How Much Does Probate Cost in Oklahoma?
Costs in probate cases include:
Attorney’s fees, which can vary widely depending on the case;
Fees of accountants, real estate agents and appraisers (necessary in some cases but not others); and
Probate is what happens when, after a person dies, the person’s heirs file a petition in court, asking the judge to order a division of the deceased person’s property. Many people, when they know probate might be necessary, wonder: How much does probate cost?
One of the most important costs, that need to be paid in probate, is attorney’s fees. With every client, my first meeting is free. After the first meeting, I (like most attorneys) bill by the hour – thus, the more hours spent on a case, the more you pay.
But, because every case is different, and because every case takes a different amount of time and work to handle, the attorney’s fees you pay in any given probate case can vary widely. For this reason, I never tell a client how much his total fees will be. For further information as to why I cannot tell you how much your fees will likely be, click on my post “How Much Does an Immigration Lawyer Cost?”. Although that post is about immigration lawyers, the information there about why legal fees can vary widely in immigration cases, applies to probate cases as well.
If the probate case is contested – that is, if someone else files a motion disputing how the estate is to be distributed, or who the heirs are, or who the executor is – then the case will usually require more time, and will therefore be far more costly. If a contested probate case is appealed to a higher court, then, fees for the appeal will be very costly. However, the vast majority of probate cases are not contested, and even fewer are appealed.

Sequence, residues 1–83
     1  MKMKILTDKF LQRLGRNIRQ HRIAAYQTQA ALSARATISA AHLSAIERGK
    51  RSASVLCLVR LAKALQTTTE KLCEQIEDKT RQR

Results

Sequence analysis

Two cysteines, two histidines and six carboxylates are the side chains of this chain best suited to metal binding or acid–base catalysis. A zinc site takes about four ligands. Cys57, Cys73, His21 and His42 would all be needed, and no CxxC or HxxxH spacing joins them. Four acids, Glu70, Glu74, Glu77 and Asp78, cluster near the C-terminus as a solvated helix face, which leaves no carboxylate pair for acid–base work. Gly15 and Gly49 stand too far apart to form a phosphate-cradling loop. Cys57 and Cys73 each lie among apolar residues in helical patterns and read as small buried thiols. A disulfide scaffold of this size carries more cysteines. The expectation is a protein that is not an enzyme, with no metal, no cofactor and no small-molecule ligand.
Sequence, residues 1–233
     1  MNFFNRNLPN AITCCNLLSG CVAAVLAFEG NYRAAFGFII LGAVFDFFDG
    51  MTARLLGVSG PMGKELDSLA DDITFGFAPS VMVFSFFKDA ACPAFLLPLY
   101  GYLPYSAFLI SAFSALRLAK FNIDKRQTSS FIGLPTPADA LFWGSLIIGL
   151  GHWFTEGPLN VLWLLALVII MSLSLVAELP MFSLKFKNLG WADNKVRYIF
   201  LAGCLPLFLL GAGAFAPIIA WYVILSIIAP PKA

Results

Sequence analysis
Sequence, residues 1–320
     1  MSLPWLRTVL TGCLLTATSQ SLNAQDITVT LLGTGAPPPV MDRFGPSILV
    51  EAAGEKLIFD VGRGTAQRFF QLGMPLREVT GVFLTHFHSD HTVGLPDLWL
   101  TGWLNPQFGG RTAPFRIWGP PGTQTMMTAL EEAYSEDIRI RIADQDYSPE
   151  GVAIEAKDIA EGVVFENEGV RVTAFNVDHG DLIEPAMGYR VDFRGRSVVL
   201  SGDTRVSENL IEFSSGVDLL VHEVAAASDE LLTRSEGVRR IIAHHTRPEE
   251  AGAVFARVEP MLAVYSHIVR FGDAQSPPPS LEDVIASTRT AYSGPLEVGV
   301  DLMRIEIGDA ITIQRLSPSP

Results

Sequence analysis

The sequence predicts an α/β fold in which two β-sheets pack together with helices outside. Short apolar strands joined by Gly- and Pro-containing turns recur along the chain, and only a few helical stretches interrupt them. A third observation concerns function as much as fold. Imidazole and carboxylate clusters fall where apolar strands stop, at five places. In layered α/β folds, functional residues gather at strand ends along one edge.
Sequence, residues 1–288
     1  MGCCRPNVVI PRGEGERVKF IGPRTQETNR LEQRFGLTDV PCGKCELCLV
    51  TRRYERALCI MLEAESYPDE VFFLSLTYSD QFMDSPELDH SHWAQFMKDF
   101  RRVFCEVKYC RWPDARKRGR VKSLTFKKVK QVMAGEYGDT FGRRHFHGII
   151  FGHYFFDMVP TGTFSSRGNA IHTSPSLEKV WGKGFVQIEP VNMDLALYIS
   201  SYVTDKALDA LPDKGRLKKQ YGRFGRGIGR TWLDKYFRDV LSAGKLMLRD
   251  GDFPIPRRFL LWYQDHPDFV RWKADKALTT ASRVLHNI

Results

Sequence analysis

Often, in a probate case, the court will order that the lawyer’s fees are to be paid out of the funds of the estate. If this occurs in your case, then, you will not pay anything personally (of course, if you or anyone else inherits from the estate, the amount you inherit will be lower, because a portion went to pay the attorney’s fees).
Other Professional Expenses in Probate
In some probate cases, there are other expenses besides lawyers’ fees. Some probate cases are complex enough to require an accountant to assist in managing the estate – you would then have to pay the accountant his fees. Also, if you need to sell property of the estate (which often happens in probate cases) then, you may need to pay the costs of the real estate sale. You also may need to hire appraisers. Fees for these other professionals can also vary widely – if you even need to hire them at all, which you may not.
As with attorney’s fees, the court will often order that the fees of other professionals (such as accountants, real estate agents, and appraisers) be paid out of the funds of the estate.
Every probate case has a filing fee – the fee you pay to the court clerk to file your petition. As of April, 2020, in Washington County, and Osage County, the filing fee for a probate case is $214.14. In Nowata County, the filing fee is $204.14. Also, if your case is contested, you may need to pay a court reporter for a transcript of the trial – transcript fees often are several hundred dollars. In some contested cases, you may have to hire expert witnesses – their fees can total thousands (or even tens of thousands) of dollars.
As with attorney’s fees and other expenses, the court will often order that court costs be paid out of the estate funds.
So is probate worth it?
If you are planning your estate, and wonder if you should take steps so that your relatives may avoid probate, you may find more information here.
Some property of deceased persons may be transferable outside of probate. However, in other cases, probate is the only way to transfer property. To see how to transfer a vehicle owned by a deceased person, and when probate is necessary to do so, click here. To see how to transfer a home owned by a deceased person, and when probate is necessary to transfer real property, click here.
Every case, however, is unique. The blog posts on this page only scratches the surface. If you are planning your estate, or if you need to transfer property owned by a deceased relative, you should speak to a qualified attorney or financial advisor before making any decisions. Take good care of your relatives – and take good care of yourself.